Congress told the FAA to set minimum dimensions for airline passenger seating required for safety back in 2018. In response, the FAA punted: First, it ignored the issue; then it used a seriously flawed test to conclude that seat spacing did not affect safety. Dismayed consumer advocates are pursuing the issue further.
Why Safety Is an Issue
Some consumers may be surprised to learn that a substantial percentage of potentially fatal aircraft crashes are survivable. These are instances when a pilot is able to land a distressed aircraft on a runway or somewhere flat without deadly impact. Fatalities in those crashes occur not through physical battering; instead, fatalities are due to fire and smoke inhalation when passengers are unable to evacuate the plane quickly enough. The safety issue is that excessively tight seat spacing could make it impossible for passengers to get out as quickly as necessary.
To make sure passengers can get out of a burning plane quickly, governments have set certain rules:
• All passengers should be able to evacuate a plane on the ground in 90 seconds or less.
• Each transport airplane must have a minimum number of exit doors, determined by the total number of seats.
Why the Standards Need an Update
During the last half of the 20th century, aircraft manufacturers conducted evacuation tests to validate the 90-second rule using then-current seating dimensions. So far, however, no rules have been established about seat width, pitch (front-to-rear space), or aisle width. Since the 1950s, airlines have been stuffing ever more seats into airplanes by spacing seat rows closer together and making seats narrower. At the same time, air passengers—the general public—have grown taller and wider. Many industry experts assert that although seats were adequate in the 1950s and 1960s, when early jets were designed, today’s tighter seats may no longer allow passengers to get out within 90 seconds.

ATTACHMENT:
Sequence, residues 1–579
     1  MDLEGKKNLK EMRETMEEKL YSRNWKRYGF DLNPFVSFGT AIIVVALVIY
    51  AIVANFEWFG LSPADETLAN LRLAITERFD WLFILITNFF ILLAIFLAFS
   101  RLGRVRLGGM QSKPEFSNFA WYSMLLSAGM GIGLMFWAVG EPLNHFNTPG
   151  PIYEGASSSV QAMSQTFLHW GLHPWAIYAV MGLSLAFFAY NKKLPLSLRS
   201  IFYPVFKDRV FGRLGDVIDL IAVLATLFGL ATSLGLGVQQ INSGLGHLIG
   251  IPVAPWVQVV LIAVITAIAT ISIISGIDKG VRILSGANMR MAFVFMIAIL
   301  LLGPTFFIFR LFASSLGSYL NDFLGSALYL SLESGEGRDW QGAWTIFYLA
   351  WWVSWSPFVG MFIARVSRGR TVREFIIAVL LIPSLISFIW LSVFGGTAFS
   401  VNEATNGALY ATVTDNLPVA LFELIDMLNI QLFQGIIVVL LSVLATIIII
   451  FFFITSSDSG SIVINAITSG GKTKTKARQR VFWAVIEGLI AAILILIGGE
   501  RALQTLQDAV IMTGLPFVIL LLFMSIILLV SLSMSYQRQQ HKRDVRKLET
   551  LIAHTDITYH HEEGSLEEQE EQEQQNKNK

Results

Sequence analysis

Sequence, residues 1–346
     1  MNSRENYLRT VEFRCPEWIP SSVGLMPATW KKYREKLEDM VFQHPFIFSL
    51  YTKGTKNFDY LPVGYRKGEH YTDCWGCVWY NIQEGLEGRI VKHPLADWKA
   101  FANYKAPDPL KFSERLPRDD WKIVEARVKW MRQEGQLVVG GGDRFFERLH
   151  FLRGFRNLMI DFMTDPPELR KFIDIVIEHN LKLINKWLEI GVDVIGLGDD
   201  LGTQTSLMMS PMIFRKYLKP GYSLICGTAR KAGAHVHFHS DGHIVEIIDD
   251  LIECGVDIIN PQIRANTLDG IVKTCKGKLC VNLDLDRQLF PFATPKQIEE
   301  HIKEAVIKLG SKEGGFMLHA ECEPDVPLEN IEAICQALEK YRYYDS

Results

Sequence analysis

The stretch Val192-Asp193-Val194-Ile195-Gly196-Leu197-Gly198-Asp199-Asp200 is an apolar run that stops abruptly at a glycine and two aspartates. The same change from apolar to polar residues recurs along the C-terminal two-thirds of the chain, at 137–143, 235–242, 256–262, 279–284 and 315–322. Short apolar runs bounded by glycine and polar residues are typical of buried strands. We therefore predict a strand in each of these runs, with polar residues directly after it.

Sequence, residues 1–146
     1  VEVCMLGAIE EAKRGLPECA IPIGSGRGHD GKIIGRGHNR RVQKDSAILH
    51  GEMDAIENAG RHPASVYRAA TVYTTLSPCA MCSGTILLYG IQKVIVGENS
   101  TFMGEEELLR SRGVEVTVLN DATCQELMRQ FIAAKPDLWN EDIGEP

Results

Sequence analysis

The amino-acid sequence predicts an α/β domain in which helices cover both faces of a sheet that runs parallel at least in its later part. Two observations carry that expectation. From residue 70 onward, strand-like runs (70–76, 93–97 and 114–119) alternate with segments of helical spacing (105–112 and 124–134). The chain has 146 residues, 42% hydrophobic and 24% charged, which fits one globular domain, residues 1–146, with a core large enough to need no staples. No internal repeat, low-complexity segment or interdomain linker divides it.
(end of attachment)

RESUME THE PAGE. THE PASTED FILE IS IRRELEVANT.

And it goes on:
Rigorous testing of the 90-second rule is extremely difficult—even risky. A few early tests resulted in serious injury to test volunteers, and the industry is reluctant to injure anyone else. More recent tests have not reflected current seating realities. The latest test, in 2019, using volunteers drawn from colleges and churches in Oklahoma City was seriously flawed:
• The test did not use currently prevalent seat widths or row spacing.
• The test group of volunteers excluded anyone under 18 or over 60 or weighing 250 pounds or more, meaning no children, no seniors, and no seriously obese individuals.
• The tests made no adjustments for the fact that parents might delay and clog evacuation lanes trying to locate and unite family members.
• Test subjects did not attempt to retrieve carry-on baggage or take it with them, despite ample evidence showing many passengers carrying their stuff out of burning planes even when instructed specifically not to do so.
• No test—recent or historical—can adequately incorporate the effects of panic among passengers trying to get out of a burning plane.
Why It Won’t Matter
Regardless of how the FAA responds to the latest petitions, reality suggests that you will see no mandated minimum seat space in the foreseeable future. Or if—maybe more likely—the FAA and DOT feel politically pressured into doing something, any new standard they develop will not result in any increase in seat space.
That’s partly due to economics and partly to engineering. As to width, keep in mind that for at least two decades, most flights on busy domestic routes will be in planes from either the 737s or A320 families, and seats in those planes are already as wide as they can get without going to five-across. Yes, seat rows could be even closer, but not much. The bottom line is that more seats mean lower fares, and everybody wants lower fares. Thus, you’re not likely to see action that will get you more space than you currently get on the worst cattle cars. If you crave more space, look for a reasonably priced upgrade option—something that isn’t available for now.
©2022 Ed Perkins. Distributed by Tribune Content Agency, LLC.